This post originally appeared on MAGNET’s Manufacturing Success blog and is reposted with permission.
Manufacturers: Where Will You (And the Workforce You Need) Be in Five Years?
By Mary Ann Pacelli, Senior Consultant, The Manufacturing Advocacy & Growth Network (MAGNET)
For nearly 30 years, MAGNET has been working with small- and mid-sized manufacturers here in Northeast Ohio. We help companies shore up quality, improve productivity, train their current workforce and develop new products.
Lately, we have focused more on growth planning—asking our clients where they want to be in three to five years.
As a workforce specialist in an engineering-focused organization, I sometimes feel people mistakenly assume that “if you build it, they will come.” Managers who focus on the bottom line often don’t consider workforce needs to be burning issues.
I’ve met some manufacturers who simply assume that they’ll be able to find the people they need when their business grows. They don’t understand in any detail the competencies required for a given manufacturing position, or how an individual with specific training can add distinct value to the manufacturing process.
But the reality is, considering the skills gap apparent today, and the time it takes develop a future pipeline of skilled talent, workforce development needs to be brought to the forefront of growth planning projects.
Imagine how terrible it would feel to wake up one day and realize you need more bodies in the plant–right now!
So, here at MAGNET, I led a team to “engineer” a process to help our small- and medium-size manufacturers deal with human resource planning for growth.
Over the past year, MAGNET has partnered with Lorain County Community College (LCCC) to design a mini-workshop series on talent planning that includes understanding workforce issues and overcoming workforce development challenges.
The outline was clear: help companies understand the crucial pieces of workforce development as they plan their business growth. Use thoughtful analysis, problem solving and activities, and what we learn from others to better understand the challenges and identify realistic solutions.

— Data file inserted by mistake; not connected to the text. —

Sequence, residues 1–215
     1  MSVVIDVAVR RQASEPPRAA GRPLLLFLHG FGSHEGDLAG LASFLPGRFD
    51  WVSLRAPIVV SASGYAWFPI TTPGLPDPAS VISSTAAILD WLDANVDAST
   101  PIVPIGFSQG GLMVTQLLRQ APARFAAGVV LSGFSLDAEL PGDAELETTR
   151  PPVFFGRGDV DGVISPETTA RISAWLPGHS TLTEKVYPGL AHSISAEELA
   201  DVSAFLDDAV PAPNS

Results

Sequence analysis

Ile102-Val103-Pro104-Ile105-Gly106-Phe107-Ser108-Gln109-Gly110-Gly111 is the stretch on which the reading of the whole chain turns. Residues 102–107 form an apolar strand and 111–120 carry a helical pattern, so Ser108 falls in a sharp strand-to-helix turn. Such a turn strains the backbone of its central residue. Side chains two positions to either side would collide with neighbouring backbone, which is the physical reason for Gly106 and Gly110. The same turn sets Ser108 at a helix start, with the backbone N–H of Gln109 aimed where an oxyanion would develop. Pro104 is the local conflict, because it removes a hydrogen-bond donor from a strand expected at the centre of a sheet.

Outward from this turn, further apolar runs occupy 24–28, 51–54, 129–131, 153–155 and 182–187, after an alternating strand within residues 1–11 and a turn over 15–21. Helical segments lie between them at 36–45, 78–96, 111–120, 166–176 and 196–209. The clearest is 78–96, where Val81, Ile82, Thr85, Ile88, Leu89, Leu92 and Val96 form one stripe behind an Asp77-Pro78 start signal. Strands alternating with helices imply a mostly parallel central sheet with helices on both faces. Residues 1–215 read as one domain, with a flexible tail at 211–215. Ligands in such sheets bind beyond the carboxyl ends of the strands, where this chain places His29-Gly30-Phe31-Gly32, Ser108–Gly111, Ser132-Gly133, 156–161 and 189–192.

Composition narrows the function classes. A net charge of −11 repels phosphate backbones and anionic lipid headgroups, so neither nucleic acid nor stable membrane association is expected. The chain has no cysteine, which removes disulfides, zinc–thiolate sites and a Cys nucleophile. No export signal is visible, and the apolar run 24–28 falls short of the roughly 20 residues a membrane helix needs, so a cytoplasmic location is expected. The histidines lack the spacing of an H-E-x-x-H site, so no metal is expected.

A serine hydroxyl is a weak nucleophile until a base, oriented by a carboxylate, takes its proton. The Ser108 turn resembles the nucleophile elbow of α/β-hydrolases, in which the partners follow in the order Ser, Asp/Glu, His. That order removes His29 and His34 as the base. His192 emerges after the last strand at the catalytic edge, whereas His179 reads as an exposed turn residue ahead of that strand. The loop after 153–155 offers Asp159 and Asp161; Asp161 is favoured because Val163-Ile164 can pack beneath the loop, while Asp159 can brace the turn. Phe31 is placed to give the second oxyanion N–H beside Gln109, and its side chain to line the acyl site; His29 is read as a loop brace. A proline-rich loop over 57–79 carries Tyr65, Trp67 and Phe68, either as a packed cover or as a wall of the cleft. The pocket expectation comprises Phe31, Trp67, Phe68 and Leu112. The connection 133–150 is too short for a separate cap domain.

To plan for business growth, manufacturers need to define exactly who they will need to support that growth. They need to define the skills and competencies and how to acquire them. Will you develop current staff? Hire new staff? Do both? It’s time to make those plans now!
Our pilot projects yielded really encouraging results. We had both small and large manufacturers and everyone was engaged right from the beginning. The “Ah Hahs!” were immediate. Participants realized that doing the same thing they’d been doing for years would not yield new results. Small or large, everyone discovered we are all in the same boat!
Part of the take away from these programs is the importance of a “Talent Plan” that answers these questions:
- What skills and competencies will your company need over the next few years?
- Can your company grow any of those internally?
- What will you need to access from other regional resources to attain those skills and competencies that are crucial to growth?
LCCC is acting as an intermediary to communicate these future needs to other educational resources in our region. Educators and planners need to know now what skills and education will be needed in the next three to five years, so they can begin preparing the future workforce.
Manufacturers of all sizes need to plan now to align business goals with workforce needs because, quite simply, growth won’t happen without the people talent to do the work.